The Normans feature prominently in two models which explain the development of western Europe between c.1050 and 1200. Normans established themselves across Europe and maintained links with each other which covered the continent. They thus exemplify the expansionist movements of people which built networks which 'Europeanised' Europe for the first time.
Norman states in England and Sicily were, by western standards, unusually centralised, providing examples of the growth in the centre's ability to intervene in the localities, which, combined with the development of shared national consciousness, produced distinct 'nation-states'. The potential contradictions between the two foci of political affiliation - the diasporic community of the Norman world and the individual states within it - have at present been under-examined. Most scholars' geographic specialisms have encouraged a stress on the development of individual states and an understanding that 'assimilation' (and hence lack of a broader, well-defined Normannitas) was key to such development. The alternative explanations, namely that diasporic links might account for local variations and hence the forms of emerging states, or that links continued but played an as yet poorly understood political role, have not been seriously tested. Doing so within a project composed of four scholars with various regional interests will offer a fresh understanding of the Norman world as a whole, a means of reconciling two potentially discordant understandings of European history, new insights into medieval state-formation, and a historical perspective on modern diasporic communities' roles within states.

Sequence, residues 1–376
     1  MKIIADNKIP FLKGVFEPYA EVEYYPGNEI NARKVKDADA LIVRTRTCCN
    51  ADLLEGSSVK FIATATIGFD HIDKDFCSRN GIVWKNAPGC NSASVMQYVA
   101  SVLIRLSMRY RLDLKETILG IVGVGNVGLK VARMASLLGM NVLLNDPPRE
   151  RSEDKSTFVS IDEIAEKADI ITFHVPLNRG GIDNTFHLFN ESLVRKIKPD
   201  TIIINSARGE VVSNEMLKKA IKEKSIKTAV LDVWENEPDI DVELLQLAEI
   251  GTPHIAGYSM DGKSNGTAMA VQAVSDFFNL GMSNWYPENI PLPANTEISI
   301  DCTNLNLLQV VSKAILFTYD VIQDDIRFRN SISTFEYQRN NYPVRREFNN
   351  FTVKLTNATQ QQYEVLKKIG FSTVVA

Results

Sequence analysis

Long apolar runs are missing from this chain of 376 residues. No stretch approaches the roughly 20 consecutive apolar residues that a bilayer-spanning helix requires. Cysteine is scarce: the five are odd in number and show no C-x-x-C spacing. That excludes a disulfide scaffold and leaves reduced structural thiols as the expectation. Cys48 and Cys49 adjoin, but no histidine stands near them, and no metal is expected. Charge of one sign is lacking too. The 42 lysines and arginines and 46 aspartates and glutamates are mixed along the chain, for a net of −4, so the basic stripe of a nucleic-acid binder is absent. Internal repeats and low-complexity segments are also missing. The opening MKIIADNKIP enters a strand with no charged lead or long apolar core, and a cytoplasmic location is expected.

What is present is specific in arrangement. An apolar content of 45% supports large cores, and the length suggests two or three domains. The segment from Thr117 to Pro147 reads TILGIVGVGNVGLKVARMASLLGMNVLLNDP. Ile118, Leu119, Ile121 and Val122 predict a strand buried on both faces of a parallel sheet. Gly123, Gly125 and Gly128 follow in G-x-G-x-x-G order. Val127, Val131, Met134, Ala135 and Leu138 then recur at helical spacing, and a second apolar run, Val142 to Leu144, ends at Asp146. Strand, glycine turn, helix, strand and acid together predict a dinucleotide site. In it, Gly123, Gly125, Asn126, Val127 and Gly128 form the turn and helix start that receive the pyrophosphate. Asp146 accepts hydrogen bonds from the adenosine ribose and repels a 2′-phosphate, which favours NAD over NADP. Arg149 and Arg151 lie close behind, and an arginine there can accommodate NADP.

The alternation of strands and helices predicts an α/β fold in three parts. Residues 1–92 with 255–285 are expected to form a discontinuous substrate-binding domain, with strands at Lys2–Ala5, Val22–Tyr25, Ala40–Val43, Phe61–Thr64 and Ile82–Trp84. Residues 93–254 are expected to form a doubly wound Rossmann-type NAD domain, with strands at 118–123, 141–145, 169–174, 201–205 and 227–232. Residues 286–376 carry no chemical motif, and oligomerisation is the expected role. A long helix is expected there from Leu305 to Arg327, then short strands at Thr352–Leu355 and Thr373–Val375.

In contemporary historiography the gens Normannorum was memorialised to construct an image of a commonality of Norman identity, and of a unitary Norman world (e.g., Amatus of Montecassino; Orderic Vitalis). These descriptions disguise the diversity of Norman experience and practice, and in particular the very different political systems which emerged in the crusader states, in Sicily, on the southern Italian peninsula, and in northern England and southern Scotland.
Norman expansion into Mediterranean and 'Celtic' areas is now understood as a process in which accommodation was in practice reached with once competing local elites. Traditional étatist orthodoxies are now likewise contested by new narratives, which stress that the centre-periphery relationship was marked by negotiation with local interests, and produced not legally and institutionally homogenous states but polities in which local identities operated politically.
Both strands have come together in a series of studies of the medieval frontier, which have conceptualised frontiers as culturally and institutionally fluid zones where cross-border identities were often more important than relationships with a distant centre. There is, though, no consensus as to the modalities of assimilation: viz. how far identities rested on the adoption of existing local customs by incoming elites, as opposed to indigenous acceptance of novel cultural norms. Nor, as yet, have 'new' taxonomies of Norman states - their 'alternative nodal points', their 'multiplex nature', and their 'plurality and overlapping context' - been fully registered and tested. The same applies to how far identities were tied to specific 'frontier' locations and contingencies, on the one hand, and to Normandy or the wider diaspora, on the other.